<ns3:p><ns3:bold>Background</ns3:bold>: Across the Greater Mekong Sub-region, malaria persists in isolated communities along international borders. Arts and drama have been used to reach to communities in Cambodia to engage them in malaria research, prevention and control. The “Village Drama Against Malaria” (VDAM) project was conducted in north eastern and western Cambodia: Stung Treng; Battambang and Pailin provinces during 2016 to 2019. In total, VDAM reached 55 rural villages, 2,378 student participants and 43,502 audience members.</ns3:p><ns3:p> <ns3:bold>Methods</ns3:bold>: This article presents the results of two stakeholder-led evaluation workshops in which participants collaboratively developed theories of change to better understand the potential and actual impact of arts and drama-based activities on malaria in these communities. The workshops had a particular focus on identifying areas for monitoring and evaluation so that impact can be measured. Workshop participants included village malaria workers, community leaders, professional and student drama performers, and representatives from the local health authorities and the national malaria control programme.</ns3:p><ns3:p> <ns3:bold>Results</ns3:bold>: Five broad areas were identified as relevant for monitoring and evaluation: logistical and practical challenges; embeddedness and reach of engagement; health knowledge and confidence of young people; community-level malaria outcomes; impact on malaria. These areas align well with the monitoring and evaluation conducted to date and point to additional opportunities for data collection.</ns3:p><ns3:p> <ns3:bold>Conclusions</ns3:bold>: The findings from these workshops will inform future engagement strategies, for example, we may engage a smaller number of young people but over a longer period and more in-depth.</ns3:p>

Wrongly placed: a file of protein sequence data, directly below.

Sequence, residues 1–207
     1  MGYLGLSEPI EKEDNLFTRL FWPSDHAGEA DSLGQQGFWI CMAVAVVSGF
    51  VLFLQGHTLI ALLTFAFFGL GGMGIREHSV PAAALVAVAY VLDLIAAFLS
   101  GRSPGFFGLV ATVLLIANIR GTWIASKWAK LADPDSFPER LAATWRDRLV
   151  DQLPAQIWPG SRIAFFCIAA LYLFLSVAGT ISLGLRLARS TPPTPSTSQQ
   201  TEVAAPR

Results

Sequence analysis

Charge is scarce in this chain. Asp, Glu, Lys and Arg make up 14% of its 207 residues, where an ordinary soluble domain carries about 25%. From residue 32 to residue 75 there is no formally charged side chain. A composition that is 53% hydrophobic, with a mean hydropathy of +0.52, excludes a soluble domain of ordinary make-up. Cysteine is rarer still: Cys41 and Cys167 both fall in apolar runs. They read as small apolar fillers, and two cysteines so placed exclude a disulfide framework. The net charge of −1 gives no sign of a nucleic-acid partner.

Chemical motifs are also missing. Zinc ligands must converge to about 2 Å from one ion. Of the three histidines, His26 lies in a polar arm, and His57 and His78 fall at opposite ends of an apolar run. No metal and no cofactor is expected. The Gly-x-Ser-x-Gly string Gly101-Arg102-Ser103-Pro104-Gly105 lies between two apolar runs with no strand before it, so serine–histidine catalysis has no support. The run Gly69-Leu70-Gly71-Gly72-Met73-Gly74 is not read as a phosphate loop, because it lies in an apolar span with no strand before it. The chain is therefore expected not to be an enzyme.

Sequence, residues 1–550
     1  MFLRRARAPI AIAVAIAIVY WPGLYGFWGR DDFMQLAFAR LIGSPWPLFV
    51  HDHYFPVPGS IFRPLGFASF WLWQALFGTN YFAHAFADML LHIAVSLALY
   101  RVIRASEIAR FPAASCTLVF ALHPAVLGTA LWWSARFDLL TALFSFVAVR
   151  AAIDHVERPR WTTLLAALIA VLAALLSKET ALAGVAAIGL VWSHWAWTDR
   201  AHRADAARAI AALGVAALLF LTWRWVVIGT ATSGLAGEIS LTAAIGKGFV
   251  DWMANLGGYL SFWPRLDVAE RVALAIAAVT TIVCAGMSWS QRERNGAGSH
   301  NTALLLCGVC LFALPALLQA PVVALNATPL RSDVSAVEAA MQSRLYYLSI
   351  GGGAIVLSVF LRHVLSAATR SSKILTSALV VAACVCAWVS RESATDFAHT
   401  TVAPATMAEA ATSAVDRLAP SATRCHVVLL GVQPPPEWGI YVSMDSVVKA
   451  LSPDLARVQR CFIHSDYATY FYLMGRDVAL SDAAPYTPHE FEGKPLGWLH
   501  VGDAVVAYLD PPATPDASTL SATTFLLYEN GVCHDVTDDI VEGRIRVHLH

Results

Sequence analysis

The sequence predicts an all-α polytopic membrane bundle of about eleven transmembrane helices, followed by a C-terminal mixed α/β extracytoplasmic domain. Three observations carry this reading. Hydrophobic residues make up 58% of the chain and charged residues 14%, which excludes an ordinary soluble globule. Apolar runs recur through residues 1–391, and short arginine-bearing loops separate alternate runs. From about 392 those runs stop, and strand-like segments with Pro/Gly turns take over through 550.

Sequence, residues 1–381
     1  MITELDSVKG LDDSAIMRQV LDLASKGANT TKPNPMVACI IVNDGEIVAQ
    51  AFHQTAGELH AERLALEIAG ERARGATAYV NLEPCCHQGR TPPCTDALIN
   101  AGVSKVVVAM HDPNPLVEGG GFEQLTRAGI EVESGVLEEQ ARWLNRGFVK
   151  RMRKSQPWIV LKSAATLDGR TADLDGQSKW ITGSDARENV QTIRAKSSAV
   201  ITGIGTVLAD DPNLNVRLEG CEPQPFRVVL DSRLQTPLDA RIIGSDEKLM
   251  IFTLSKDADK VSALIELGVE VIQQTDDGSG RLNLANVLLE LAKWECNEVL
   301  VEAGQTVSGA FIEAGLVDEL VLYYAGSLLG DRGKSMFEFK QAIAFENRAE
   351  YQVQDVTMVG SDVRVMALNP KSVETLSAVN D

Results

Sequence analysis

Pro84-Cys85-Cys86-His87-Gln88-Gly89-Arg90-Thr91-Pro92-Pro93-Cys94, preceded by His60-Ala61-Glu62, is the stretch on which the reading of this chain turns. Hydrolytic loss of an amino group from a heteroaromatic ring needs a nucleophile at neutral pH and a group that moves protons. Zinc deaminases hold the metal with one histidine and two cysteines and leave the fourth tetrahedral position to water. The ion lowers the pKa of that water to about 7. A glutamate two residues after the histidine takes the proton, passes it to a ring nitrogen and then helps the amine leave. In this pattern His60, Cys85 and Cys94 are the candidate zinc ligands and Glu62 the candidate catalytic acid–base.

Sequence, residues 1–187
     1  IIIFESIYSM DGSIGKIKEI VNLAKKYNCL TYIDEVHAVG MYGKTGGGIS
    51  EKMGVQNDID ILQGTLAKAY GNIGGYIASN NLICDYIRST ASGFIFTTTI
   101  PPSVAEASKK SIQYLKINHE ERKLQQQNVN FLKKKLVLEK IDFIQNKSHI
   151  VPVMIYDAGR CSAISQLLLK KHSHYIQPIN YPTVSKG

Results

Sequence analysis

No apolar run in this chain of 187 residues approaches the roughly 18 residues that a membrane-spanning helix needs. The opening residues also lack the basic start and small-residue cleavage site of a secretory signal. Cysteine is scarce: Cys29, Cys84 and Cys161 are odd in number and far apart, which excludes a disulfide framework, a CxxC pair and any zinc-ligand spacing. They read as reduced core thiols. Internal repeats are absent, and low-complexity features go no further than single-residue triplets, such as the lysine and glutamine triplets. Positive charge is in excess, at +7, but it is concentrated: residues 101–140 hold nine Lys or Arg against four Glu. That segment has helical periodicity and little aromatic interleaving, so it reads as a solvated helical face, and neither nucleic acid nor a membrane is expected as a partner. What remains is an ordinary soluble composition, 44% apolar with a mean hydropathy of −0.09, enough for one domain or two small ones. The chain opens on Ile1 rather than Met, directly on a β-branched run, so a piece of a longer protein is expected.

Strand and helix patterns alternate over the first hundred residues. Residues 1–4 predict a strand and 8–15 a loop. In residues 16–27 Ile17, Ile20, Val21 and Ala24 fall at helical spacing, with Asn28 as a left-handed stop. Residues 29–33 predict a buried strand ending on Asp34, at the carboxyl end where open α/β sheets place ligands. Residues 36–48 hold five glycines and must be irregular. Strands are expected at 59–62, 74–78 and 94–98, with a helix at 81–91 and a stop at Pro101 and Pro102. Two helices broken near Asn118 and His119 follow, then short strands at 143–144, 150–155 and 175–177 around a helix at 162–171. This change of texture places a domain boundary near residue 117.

Semimechanistic Pharmacokinetic and Pharmacodynamic Modeling of Piperaquine in a Volunteer Infection Study with Plasmodium falciparum Blood-Stage Malaria